Jim Justice running for governor
By Eric Eyre, The Charleston Gazette
West Virginia billionaire businessman Jim Justice announced today he’s running for governor as a Democrat.
Justice, who owns The Greenbrier, serves as president and CEO of about 50 companies, but he’s never held a political office – or even run for election. Forbes magazine estimates Justice’s net worth at $1.6 billion.
He announced his bid for governor this afternoon during a rally with supporters at the White Sulphur Springs Civic Center in Greenbrier County.Justice becomes the second Democrat to enter the governor’s race. West Virginia Senate Minority Leader Jeff Kessler, D-Marshall, has started a pre-candidacy campaign account to raise funds for next year’s Democratic gubernatorial primary. U.S. Attorney Booth Goodwin also has been mentioned as a possible Democratic contender.
Gov. Earl Ray Tomblin is finishing a second term and isn’t eligible to run again.
Among Republicans, Attorney General Patrick Morrisey, U.S. Rep. David McKinley and Senate President Bill Cole, R-Mercer, have said they’re considering a gubernatorial run. U.S. Sen. Joe Manchin’s decision to stay in Washington and forgo another run for governor cleared the way for Justice to enter the race.
Justice and Manchin, who served as West Virginia governor from 2005 to 2010, are longtime friends.
Justice, a former registered Republican, has made little known about his political views in the weeks leading up to today’s expected announcement. Justice grew up in Raleigh County and now lives in Lewisburg. He made his fortune from coal mining, farming and timbering.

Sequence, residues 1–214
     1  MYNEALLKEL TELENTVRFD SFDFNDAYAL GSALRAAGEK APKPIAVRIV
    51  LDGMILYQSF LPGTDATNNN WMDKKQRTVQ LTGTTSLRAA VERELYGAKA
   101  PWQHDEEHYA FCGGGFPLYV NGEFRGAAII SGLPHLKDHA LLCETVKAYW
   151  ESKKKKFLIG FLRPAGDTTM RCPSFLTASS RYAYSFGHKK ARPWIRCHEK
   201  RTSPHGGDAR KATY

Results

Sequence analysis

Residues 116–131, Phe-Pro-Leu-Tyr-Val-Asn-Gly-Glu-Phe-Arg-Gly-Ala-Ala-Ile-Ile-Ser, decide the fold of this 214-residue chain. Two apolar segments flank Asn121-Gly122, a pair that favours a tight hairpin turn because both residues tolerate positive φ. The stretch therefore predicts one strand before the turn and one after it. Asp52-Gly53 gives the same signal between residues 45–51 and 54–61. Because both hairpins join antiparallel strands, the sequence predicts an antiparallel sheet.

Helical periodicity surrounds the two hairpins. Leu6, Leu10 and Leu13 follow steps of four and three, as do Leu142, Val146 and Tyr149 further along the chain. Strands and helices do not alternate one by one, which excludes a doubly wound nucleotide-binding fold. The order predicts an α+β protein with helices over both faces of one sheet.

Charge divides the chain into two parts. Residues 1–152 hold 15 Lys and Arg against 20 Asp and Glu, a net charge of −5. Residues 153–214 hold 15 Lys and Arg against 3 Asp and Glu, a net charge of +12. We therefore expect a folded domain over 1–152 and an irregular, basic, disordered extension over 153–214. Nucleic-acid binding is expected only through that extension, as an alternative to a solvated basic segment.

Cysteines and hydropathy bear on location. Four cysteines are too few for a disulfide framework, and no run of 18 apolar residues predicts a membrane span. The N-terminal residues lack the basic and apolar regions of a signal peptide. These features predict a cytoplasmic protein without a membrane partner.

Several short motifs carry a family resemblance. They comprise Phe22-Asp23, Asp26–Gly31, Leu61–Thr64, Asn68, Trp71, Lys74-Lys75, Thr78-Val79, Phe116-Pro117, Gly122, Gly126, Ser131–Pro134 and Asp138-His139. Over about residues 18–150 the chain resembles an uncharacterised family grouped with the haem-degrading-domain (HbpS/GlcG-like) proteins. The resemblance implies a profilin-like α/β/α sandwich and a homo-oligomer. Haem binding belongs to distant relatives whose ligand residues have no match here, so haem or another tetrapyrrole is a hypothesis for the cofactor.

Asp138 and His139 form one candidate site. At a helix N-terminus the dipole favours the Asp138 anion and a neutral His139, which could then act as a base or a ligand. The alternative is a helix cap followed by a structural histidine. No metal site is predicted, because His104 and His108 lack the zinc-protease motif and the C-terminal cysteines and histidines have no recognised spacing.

In 1977, Justice started Bluestone Farms, an agriculture operation that has grown to more than 50,000 acres of farmland in four states. Justice’s farms produce more grain than any other operation on the East Coast. After his father died in 1993, Justice took control of Bluestone Coal Corp.
In 2009, he sold some of his family’s coal operations to Mechel, a Russian coal conglomerate. Justice bought back his West Virginia mining operations from the Russian company earlier this year.
Over the years, numerous fines and violations have dogged Justice’s coal companies.
Last year, The Courier-Journal of Louisville reported that Justice’s mining operations had racked up dozens of reclamation fines in Kentucky, as well as in West Virginia, Tennessee, Virginia and Alabama. In Kentucky alone, Justice paid $1.5 million in fines. At least nine contractors have sued Justice’s mines for not paying bills over the past three years, according to the Associated Press. Four of those nine legal claims, which in total exceed $1 million in alleged debts, have been settled for undisclosed amounts.
In 2009, Justice surprised many when he purchased The Greenbrier for $20.5 million, rescuing the iconic hotel from bankruptcy. Justice has since pumped tens of millions of dollars into the resort. The upgrades include a new casino, and a practice facility for the New Orleans Saints football team. Justice also spends about $6 million a year to host a PGA Tour golf tournament at The Greenbrier each summer.
Other additions to Justice’s resort portfolio include the Resort at Glade Spring in Raleigh County and Wintergreen Resort near Charlottesville, Virginia.
When he’s not running his companies, Justice coaches both the boys and girls basketball teams at Greenbrier East High School. He is the only coach at West Virginia’s AAA level who coaches both teams.